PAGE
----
Anyone, looking at these pictures, can see what Russia is doing, and what kind of weapons it is using to kill civilians in Ukrainian cities. Today, we can learn a lot by following photos and videos, they say much more than plain text.

Visual materials are proof of what happened in Zaporizhzhia, Dnipro, Mykolaiv, Kherson, Bucha, Kharkiv, and many other places. They are proof of what happened all over Ukraine.

We publish plenty of photographs and other evidence of Russian crimes, yet the war still goes on. What motivates you to keep doing your work?

- After sending in the first materials from Mariupol, I asked myself: will these images change anything? Everyone was talking about them. Russia called us "information terrorists". I'm sure this coverage allowed the world to understand what was going on.

If there had been no journalists in Mariupol, no one would have known what the Russians did there. We have photographic evidence that the Russians used tanks, attacked civilians, and bombed infrastructure.

In Mariupol, you and the AP team spent an entire week living in a hospital. What did your work look like?

- We slept on the floor, just like the patients. We were there already during the first rescue operations. After the failed resuscitation of a little girl, the doctor shouted to us: "Show these photographs to Putin, show him the dead eyes of a child and the tearful eyes of a crying doctor!".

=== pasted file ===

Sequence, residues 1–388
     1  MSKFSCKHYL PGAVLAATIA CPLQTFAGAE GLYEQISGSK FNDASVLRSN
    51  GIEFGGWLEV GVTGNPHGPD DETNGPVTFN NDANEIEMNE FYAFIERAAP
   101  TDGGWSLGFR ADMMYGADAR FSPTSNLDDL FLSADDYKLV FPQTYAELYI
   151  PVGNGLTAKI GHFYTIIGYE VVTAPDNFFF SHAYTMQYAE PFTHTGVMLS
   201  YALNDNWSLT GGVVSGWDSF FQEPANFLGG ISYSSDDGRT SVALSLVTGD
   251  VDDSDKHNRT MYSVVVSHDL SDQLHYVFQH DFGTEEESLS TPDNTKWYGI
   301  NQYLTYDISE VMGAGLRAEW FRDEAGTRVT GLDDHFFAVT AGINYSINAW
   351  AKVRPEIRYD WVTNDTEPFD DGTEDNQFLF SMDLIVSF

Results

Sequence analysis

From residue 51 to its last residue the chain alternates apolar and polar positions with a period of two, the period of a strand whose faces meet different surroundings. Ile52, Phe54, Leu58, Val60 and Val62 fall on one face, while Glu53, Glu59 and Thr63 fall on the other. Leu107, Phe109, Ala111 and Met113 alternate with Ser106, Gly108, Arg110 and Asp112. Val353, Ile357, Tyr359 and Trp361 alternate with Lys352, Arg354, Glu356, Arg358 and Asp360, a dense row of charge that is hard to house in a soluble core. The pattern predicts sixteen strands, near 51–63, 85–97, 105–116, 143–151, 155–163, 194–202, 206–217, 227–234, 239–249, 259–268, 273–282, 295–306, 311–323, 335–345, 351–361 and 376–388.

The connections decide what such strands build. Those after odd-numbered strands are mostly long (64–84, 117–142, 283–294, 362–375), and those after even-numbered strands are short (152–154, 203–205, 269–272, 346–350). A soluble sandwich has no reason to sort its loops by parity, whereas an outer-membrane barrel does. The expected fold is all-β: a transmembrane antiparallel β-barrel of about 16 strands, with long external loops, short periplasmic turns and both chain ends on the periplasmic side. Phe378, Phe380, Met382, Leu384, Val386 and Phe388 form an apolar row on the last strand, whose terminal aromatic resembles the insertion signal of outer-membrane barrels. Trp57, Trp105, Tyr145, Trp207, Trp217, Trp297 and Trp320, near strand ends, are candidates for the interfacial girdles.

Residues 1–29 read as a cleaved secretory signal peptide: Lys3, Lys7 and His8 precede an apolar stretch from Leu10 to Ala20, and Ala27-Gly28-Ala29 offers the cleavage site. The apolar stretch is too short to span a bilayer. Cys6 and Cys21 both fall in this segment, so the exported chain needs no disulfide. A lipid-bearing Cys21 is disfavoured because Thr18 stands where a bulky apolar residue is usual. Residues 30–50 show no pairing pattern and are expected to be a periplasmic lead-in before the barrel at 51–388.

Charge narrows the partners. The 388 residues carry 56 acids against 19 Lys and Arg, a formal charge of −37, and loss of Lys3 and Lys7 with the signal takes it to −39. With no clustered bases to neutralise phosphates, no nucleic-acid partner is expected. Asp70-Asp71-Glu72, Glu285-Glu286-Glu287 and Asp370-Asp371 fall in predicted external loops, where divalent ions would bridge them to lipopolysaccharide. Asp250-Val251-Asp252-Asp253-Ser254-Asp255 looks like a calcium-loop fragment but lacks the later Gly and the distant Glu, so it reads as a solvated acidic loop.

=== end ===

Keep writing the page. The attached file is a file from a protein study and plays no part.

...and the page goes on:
We worked closely with the doctors and became friends. On the last day of our stay, March 12, it was already very dangerous, there was ongoing shelling from the buildings taken over by the Russians, right next to us. We felt the hospital building vibrating under our feet. We were afraid.

41-letni Serhij Kralya tuż po operacji w szpitalu w Mariupolu. Mężczyzna został ranny podczas ostrzału miasta.
41-letni Serhij Kralya tuż po operacji w szpitalu w Mariupolu. Mężczyzna został ranny podczas ostrzału miasta.  Fot. Evgeniy Maloletka / AP Photo

You’ve worked in several war-torn regions before: Israel, Somalia, Liberia. Most recently in Nagorno-Karabakh. What is it like to photograph war in your home country?

- I'd rather not have these photos in my portfolio. I can't compare it with anything else. Every one of us, every Ukrainian, is against this war. Its scale and destruction are enormous, lots of people have died or were tortured, we hear about many war crimes. We are confronted with this experience as journalists, soldiers, and ordinary people...

It’s difficult to talk about war in our own country. I photograph parents bringing their dead children to the hospital, doctors trying to resuscitate them. We cry together.

The stories from Mariupol, Chernihiv, Kharkiv will not be forgotten, they will always be with us. In my family, too, we have people, distant relatives, who lost their lives because of the war.